The people who plan, manage, and build our projects are all experts in their field, and an integral part of our company’s success. Dennis Parker is an assistant superintendent currently working in our healthcare division. Here’s eight questions to get to know him.
- What’s your current day-to-day look like?
Currently I am at working at Children’s of Alabama in downtown Birmingham. We perform new construction for the hospital, but we are also in a support role as well and have been on standby to convert rooms, sometimes whole floors, to negative pressure at any given time which would help to contain any airborne particles from leaving the area.
Construction is not a 9-to-5 job, it is typically 24/7. Even if a superintendent isn’t physically on the jobsite, our phone never leaves our side. We have to answer when it rings because that is the nature of a project — anything can happen and most of the time it does, but you have to find a balance. An older fella I worked for some years back said he saw a lot of his younger self in me. One day after a long 10-hour day, he saw that I was settling into my desk to knock out a couple of hours of paperwork. He said to me, “Young man, go home. This is how you make a living; this is not your life. Your life starts when you get home.” I’ll never forget that.
I started in residential construction after finishing high school, eventually working up to start my own subcontracting company. An injury pushed me to switch career paths and go to college at Auburn for their Building Science Program which led to a co-op position with Hoar.
Mercato in Naples, Florida. Right before the market fell out in 2008, I was a co-op on Mercato, a huge mixed-use project. The development featured everything from a grocery store to a movie theater, and from an office building to mixed-use condos. It was great being on a project of that size because I got to see so many different types and styles of buildings in different phases of construction. I also enjoyed working with so many different superintendents and learning a little something from each one.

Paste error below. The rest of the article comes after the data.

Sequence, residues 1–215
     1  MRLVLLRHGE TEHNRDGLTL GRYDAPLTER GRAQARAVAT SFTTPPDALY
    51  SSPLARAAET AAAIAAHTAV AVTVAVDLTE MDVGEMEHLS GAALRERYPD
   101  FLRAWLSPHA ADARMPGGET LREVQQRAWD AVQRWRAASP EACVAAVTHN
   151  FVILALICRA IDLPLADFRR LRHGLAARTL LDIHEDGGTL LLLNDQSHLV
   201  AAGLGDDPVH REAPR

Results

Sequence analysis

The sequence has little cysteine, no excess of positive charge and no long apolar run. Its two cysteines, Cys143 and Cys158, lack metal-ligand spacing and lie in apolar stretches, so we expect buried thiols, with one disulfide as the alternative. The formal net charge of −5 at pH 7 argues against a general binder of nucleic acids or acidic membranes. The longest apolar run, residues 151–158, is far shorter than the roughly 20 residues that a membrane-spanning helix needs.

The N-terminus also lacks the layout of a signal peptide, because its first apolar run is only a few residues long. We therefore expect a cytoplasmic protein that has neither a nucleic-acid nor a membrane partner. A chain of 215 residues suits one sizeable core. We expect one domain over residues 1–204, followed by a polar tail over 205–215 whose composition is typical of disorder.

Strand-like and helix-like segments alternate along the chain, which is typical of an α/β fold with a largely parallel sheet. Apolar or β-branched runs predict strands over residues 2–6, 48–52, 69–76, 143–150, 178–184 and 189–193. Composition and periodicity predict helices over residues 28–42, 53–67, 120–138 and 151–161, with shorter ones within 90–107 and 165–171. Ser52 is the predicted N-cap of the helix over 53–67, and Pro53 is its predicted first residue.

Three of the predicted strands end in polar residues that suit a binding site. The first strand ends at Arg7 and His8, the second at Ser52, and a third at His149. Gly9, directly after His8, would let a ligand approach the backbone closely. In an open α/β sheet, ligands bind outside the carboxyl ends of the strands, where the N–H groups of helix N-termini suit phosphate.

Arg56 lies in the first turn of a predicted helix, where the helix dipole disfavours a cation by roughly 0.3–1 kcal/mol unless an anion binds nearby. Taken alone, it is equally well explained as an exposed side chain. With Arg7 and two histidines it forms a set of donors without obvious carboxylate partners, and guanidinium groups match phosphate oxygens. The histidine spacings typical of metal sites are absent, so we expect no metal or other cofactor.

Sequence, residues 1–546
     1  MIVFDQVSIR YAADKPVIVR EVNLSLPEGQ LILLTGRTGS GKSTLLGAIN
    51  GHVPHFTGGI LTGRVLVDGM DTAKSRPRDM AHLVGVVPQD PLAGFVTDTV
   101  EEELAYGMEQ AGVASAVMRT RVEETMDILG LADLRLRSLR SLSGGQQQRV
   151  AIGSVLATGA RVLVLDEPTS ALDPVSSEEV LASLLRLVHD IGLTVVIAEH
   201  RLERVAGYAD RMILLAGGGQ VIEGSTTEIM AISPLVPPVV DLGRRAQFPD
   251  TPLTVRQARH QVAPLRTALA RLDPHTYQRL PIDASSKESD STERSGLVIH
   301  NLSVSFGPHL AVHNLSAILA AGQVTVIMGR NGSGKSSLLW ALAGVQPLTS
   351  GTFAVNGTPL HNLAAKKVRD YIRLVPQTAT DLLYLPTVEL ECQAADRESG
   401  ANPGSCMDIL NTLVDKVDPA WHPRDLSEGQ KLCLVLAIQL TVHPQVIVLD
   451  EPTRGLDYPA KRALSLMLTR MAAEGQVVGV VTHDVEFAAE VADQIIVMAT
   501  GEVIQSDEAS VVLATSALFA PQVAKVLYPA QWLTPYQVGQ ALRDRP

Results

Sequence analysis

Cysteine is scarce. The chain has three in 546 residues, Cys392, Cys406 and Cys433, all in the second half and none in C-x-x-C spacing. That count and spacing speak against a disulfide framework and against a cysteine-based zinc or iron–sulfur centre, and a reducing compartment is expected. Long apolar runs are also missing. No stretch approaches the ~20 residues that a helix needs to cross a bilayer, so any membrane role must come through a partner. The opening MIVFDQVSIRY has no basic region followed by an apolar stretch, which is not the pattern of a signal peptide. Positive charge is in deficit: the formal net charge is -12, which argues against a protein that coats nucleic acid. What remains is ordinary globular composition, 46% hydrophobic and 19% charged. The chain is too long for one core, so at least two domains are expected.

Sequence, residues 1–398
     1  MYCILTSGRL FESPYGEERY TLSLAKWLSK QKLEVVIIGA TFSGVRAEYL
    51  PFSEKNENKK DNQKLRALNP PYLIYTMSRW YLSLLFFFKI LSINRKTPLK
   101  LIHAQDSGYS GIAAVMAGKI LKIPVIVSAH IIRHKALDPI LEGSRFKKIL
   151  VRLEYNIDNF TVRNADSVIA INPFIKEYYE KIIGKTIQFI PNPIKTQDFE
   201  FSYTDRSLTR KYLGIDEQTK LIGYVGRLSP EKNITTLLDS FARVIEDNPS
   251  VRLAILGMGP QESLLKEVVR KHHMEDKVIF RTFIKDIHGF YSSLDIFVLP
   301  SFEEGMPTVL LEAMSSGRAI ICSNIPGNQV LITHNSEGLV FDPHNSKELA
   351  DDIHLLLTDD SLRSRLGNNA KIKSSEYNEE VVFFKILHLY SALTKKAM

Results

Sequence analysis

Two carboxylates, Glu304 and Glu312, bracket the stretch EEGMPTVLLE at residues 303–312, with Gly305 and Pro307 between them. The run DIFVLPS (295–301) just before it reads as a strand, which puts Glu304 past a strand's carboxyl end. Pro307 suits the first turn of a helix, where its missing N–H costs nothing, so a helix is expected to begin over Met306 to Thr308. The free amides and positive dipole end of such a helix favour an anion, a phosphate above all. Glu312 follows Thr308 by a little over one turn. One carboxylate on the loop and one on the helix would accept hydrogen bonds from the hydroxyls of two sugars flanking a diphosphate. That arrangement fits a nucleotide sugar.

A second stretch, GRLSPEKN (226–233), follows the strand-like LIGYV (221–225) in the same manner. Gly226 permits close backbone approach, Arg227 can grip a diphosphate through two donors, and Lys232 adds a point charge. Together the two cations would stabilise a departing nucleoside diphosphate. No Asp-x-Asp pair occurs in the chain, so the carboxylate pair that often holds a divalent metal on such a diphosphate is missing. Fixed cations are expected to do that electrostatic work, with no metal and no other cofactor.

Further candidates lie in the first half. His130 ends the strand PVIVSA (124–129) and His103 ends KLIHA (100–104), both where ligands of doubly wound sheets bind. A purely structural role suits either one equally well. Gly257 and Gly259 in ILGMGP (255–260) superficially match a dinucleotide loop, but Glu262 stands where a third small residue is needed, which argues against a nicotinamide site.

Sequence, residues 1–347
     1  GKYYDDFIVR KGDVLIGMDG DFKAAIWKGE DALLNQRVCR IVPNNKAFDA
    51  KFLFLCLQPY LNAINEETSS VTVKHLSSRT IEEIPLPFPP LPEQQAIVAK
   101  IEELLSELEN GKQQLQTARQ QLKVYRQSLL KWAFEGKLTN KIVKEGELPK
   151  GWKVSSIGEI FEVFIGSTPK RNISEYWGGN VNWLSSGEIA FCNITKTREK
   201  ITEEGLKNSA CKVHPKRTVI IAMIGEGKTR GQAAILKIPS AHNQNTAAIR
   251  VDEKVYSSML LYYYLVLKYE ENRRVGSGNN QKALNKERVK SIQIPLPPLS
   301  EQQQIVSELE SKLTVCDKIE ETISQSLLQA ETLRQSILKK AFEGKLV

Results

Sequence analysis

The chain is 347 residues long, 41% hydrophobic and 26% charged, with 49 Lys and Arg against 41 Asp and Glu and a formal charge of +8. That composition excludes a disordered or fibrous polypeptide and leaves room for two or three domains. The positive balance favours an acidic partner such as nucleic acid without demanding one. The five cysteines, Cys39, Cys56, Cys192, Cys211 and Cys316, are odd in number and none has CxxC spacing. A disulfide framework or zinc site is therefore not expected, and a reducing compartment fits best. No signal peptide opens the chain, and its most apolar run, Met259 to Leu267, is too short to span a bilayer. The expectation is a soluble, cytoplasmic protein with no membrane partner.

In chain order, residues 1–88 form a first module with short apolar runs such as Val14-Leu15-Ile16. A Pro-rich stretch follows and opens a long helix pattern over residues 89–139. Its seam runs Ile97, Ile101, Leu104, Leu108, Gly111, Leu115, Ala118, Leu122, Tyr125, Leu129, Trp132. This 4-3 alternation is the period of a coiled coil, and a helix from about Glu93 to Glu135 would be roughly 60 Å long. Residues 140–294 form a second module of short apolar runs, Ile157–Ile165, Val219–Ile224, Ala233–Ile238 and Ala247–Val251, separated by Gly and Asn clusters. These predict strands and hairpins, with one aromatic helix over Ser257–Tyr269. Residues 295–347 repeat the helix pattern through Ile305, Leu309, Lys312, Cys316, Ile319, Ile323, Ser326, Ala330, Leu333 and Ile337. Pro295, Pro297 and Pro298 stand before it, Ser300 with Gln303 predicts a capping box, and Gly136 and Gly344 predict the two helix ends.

The team I work with at Children’s. We have all bought in on the vision and importance of what Children’s does for the community and state, and that commitment shows in the amount of effort and detail that each person we work with puts into any task we are given.
6. Describe the last challenge you overcame on a project?
We recently replaced the flooring in what the hospital’s materials distribution center, which maintains a staff 24/7 to meet the demand of the hospital. We planned the work in 12 short phases, maintained full ICRA containment for each phase with a crew working at night to do the flooring, and a crew working during the day moving the inventory and shelving to start the next phase that night. It was a challenge, but we had a great trade partner, and worked together to make it happen without negatively impacting the hospital’s distribution operation.
7. What’s your hidden talent?
Superhuman taste buds. I can typically taste something, deconstruct the ingredients, and remake it at the house.
Getting a college degree — there was a time in my life when personal successes, or any accomplishments, were more fleeting dreams than obtainable goals.